- History and Culture
Lutjanus kasmira belongs to the order of Perciformes and family of Lutjanidae (Snappers).
It is commonly known as the Common bluestripe snapper, Blue-banded Hussar, Blue-banded sea perch, Blue-banded snapper, Blue-lined sea perch, Blue-lined snapper fish, Blue-striped Sea-perch, Blue-striped snapper, Four-lined snapper, and Moonlighter among others. This fish has striking colours, with an upper body which is bright yellow with 4 narrow blue stripes that run horizontally across the sides and slightly greyish stripes on its silvery white belly. Its fins are yellow. The dorsal head profile is steeply sloped. It has a total of 10 dorsal spines, 14 to 15 dorsal soft rays, 3 anal spines and 7 to 8 anal soft rays. It can reach a maximum length of 40cm.
Lutjanus kasmira is present in the Indo-Pacific region. There are accounts of its presence off South Korea and Pitcairn Islands as well. Its Maximum recorded depth range is 265 m, but it is more commonly found at 60 m.
Adults dwell on coral reefs while juveniles inhabit seagrass beds and mangrove estuaries. The diet of the Bluestriped snapper consists of fish, shrimp, crabs, cephalopods and planktonic crustaceans. There are reports of this species consuming algae as well.
During courtship, male Bluestriped snappers use their snout to nuzzle, nudge and rub the undersides of the females. At lower latitude, spawning occurs almost year-round. The eggs hatch after 18 hours at 22 to 25 degrees Celsius. The reproductive lifespan of the Bluestriped snapper is 8 years.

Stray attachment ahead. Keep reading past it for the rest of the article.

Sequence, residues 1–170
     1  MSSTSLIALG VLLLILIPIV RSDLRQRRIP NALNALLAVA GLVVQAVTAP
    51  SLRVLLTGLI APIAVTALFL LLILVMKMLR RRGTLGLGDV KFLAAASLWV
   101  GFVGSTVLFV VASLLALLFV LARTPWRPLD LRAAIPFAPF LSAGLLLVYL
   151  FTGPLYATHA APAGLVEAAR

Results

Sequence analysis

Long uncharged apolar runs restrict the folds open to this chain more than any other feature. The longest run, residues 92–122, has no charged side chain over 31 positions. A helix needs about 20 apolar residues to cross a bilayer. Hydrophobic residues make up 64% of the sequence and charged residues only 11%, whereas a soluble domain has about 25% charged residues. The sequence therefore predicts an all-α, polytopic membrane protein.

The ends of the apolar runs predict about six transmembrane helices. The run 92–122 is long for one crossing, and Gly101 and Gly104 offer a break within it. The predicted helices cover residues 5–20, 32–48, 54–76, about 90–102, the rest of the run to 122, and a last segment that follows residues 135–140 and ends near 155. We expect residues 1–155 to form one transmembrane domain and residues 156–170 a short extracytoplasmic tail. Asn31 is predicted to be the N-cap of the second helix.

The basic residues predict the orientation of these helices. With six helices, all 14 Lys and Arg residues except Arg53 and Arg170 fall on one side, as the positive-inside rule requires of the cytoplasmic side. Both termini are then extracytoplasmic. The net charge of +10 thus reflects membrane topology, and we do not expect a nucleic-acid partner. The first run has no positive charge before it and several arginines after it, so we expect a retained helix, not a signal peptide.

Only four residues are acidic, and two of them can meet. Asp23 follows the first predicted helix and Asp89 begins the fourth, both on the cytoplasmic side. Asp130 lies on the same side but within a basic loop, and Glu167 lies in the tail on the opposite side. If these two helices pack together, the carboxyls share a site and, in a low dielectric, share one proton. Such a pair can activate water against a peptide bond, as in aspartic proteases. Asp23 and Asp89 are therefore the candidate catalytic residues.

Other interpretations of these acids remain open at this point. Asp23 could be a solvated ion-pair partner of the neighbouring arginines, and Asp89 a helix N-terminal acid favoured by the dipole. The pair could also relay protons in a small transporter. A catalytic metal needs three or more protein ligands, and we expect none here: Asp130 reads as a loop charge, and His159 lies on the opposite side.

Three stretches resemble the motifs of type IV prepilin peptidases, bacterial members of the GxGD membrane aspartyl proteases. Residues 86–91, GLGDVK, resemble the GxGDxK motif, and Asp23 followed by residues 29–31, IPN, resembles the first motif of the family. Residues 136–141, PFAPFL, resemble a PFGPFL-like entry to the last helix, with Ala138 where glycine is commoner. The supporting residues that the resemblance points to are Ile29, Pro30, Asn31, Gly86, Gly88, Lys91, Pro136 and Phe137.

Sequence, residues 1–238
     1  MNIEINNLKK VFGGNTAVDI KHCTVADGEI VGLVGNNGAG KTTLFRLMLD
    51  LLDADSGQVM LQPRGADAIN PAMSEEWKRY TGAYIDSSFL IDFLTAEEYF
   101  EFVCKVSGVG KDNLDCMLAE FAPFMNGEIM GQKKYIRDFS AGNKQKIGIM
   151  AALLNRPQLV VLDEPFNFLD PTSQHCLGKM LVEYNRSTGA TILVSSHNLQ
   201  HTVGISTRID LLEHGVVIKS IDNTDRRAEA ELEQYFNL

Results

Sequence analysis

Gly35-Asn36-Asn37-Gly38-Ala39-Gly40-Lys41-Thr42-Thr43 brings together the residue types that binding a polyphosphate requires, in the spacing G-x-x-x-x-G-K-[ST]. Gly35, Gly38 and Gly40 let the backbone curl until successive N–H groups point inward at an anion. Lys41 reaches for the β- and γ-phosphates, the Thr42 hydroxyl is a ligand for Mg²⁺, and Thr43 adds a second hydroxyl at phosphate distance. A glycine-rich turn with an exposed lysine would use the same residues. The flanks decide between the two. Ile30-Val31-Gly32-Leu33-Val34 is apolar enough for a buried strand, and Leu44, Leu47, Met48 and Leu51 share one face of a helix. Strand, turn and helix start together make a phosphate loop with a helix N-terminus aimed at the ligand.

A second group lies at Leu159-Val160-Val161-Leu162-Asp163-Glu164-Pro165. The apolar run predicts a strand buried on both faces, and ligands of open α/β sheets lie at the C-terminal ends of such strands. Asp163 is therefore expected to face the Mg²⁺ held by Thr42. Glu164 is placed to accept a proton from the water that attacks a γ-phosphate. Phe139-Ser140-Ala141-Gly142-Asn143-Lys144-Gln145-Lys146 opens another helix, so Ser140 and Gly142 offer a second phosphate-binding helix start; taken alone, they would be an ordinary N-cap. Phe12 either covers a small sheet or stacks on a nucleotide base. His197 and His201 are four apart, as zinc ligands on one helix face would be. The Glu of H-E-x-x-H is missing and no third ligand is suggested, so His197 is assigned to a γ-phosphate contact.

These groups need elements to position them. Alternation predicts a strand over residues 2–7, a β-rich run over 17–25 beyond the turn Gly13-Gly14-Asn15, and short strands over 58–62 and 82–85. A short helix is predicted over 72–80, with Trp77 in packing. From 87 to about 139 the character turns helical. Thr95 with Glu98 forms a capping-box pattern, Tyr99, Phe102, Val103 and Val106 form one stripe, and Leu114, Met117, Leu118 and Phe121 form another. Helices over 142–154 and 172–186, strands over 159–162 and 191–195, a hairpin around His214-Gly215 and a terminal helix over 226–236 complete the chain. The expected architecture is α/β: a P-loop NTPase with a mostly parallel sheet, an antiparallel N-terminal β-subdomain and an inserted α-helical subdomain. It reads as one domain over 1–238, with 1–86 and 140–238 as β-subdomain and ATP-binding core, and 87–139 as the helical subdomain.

According to the IUCN Red list, this species is categorized as being of ‘Least Concern’ as it is common and widespread. It has also been introduced to other areas outside of its native range. Juveniles form part of the aquarium trade. This species is part of multispecies fisheries over its distribution.
The Bluestriped snapper is managed over various regions (Guam, Hawaii, American Samoa, Northern Mariana Islands, Australia) and found in MPAs as well. Regulations include; size limits, seasonal closures, limited access, fishing gear restriction, catch limits, permits and catch reporting. There are documented increases in some parts of its range and no documented declines.
This species has a longevity of about 10 years.
This Bluestriped snapper differs from the Fiveline snapper (Lutjanus quinquelineatus) by possessing four lines instead of five across its sides.